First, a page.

By Daniel Gaffney
The UK death toll has surpassed Italy’s, meaning that Britain now has the highest number of coronavirus related deaths in Europe.
There have been over 32,000 deaths recorded across the UK – a figure Foreign Secretary Dominic Raab said was “a massive tragedy”. The latest total for Italy, previously the highest in Europe, now stands at 29,315.
The government is adamant that there are certain ‘caveats’ drawing comparisons between the UK and Italy, including the British population being around 10% larger than Italy’s.
The debate over how to approach the figures is going to continue for some time as governments try to justify their response, as well as point the finger at China.
But this is not Eurovision. It is pointless trying to rank countries, because we can safely say that the European response as a whole has been lacklustre.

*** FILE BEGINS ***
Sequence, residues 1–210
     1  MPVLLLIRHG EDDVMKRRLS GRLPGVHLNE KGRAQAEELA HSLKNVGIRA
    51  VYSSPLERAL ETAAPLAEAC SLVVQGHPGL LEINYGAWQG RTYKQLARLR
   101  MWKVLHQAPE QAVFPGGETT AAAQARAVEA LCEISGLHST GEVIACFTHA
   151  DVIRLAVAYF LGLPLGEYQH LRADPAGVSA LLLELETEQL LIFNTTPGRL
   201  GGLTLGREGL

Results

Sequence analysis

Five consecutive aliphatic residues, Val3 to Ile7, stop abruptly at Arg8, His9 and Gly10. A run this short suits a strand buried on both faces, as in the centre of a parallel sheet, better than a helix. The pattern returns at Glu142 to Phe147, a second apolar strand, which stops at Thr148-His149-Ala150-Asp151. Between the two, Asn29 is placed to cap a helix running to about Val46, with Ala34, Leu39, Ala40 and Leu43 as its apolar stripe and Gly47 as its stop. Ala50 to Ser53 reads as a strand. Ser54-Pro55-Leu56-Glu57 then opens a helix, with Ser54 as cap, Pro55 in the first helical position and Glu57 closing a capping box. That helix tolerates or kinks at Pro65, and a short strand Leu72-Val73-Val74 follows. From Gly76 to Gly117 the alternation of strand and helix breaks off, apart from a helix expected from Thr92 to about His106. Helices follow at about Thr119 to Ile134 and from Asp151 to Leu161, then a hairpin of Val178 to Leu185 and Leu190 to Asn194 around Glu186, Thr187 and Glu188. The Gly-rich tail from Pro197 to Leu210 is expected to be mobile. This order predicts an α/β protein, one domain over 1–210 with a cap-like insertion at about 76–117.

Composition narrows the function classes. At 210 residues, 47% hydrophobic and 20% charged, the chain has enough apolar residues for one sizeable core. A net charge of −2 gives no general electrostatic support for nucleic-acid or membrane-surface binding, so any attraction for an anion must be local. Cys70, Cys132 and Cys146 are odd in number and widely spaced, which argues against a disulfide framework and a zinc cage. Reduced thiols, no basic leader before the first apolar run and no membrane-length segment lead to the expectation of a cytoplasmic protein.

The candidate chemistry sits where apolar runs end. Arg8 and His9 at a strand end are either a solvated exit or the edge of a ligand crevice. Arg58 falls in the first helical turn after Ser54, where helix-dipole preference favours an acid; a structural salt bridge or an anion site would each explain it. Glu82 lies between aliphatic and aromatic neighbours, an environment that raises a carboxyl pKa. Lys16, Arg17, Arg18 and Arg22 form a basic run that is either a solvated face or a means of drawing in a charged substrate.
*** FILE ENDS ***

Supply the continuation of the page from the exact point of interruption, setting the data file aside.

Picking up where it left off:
The EU’s ‘every man for himself’ policy has ultimately exacerbated the problem, because nations chose to go their own way, rather than collaborate through international institutions. Former Prime Minister Theresa May has criticised world leaders for failing “to forge a coherent international response” to the coronavirus pandemic. New Labour Leader, Sir Keir Starmer, is expected to raise similar issues at Prime Minister’s Questions later today.
Instead, coronavirus has been treated as a national struggle. With many world leaders using the pandemic as a backdrop to push their own policies at home.
Although No.10 claimed that there has been “extensive collaboration” with other G7 leaders, real questions need to be asked about why Britain’s death toll is even close to Italy’s.